Thanks for stopping by. If you are a beginning student of the Chinese language, it would be best to wade through the monthly archives and read my earlier blog posts first. Those articles provide bits of introductory material to help lay a foundation for tackling the words and sentences presented in the later articles. You could also get a copy of “Learn Chinese through Songs and Rhymes” to obtain a fair understanding of the Chinese language and sentence structures. Whether you are taking a Chinese class or a self-paced study course, it’s always good to supplement it with additional reading material. I hope you find these articles helpful.

I’ve added many tags to the blog posts to help you look for specific Chinese words or terms. For example, if you would like to know how to say or write “Happy New Year” in Chinese, simply enter “Happy New Year” in the Search box then click on the “Search” button to call up the related articles.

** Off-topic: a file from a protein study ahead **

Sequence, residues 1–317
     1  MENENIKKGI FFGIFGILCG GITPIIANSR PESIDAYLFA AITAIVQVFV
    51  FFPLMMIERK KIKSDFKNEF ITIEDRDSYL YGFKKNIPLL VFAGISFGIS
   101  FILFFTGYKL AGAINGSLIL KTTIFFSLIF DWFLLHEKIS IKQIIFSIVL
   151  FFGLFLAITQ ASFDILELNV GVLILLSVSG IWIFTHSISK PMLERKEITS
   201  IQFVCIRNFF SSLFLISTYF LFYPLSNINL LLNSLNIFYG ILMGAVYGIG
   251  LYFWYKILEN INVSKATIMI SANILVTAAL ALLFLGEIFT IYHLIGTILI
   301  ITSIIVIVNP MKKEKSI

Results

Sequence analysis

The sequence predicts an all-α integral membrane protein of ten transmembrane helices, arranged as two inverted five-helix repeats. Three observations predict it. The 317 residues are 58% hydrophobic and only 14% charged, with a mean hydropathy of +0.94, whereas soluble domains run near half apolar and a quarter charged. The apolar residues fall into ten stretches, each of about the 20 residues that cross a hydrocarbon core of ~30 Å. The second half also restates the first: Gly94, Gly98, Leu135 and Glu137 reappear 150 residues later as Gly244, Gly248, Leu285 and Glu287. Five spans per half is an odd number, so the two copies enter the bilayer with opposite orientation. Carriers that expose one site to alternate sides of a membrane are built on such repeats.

By the way, you are also welcome to visit my two other blog sites:

Gallery – Art for Charity

Here are some of my original paintings and Chinese calligraphy. If your school or charitable organization wishes to use any of these images for making bookmarks, cards, plates or posters for education, fund raising, or for decorating the classrooms, please feel free to do so.
Good Fortune 福 (fú) 7 x 7 Lydia Lin

Chinese Calligraphy – Good Fortune 福 (fú)
7 x 7 by Lydia Lin

Crocus Bookmark 2x6.75 Lydia Lin

Chinese Brush Painting – Crocus    Bookmark 2×6.75
Lydia Lin

Amaryllis 11x14 Lydia Lin

Chinese Brush Painting – Amaryllis 11×14 Lydia Lin

良 (liáng) 2x2 Lydia Lin

Chinese Calligraphy – 良 (liáng) 2×2 Lydia Lin

Lydia Lin Gardinia 8x8

Chinese Brush Painting – Gardinia 8×8 by Lydia Lin

Merry Christmas Poinsettia Card

Chinese Brush Painting – Merry Christmas Poinsettia Card by    Lydia Lin


Chinese Brush Painting – Camellias 12 x 10 by Lydia Lin

18 Comments (+add yours?)

  1. Anthony B.
    May 22, 2012 @ 02:34:39

    Dear Ms Lin,
    So sad to read about the loss of your dear mum. A mum is the dearest person we have here on earth. No one can replace her. I will say a prayer for her and for you.


  2. easternodysseymusic
    Jul 16, 2012 @ 05:33:03

    Great blog. I have been wanting to learn Chinese for years and tried different methods to get the basics. However, childrens books and pictures are always the best.


  3. Nommoc App
    May 08, 2013 @ 09:52:59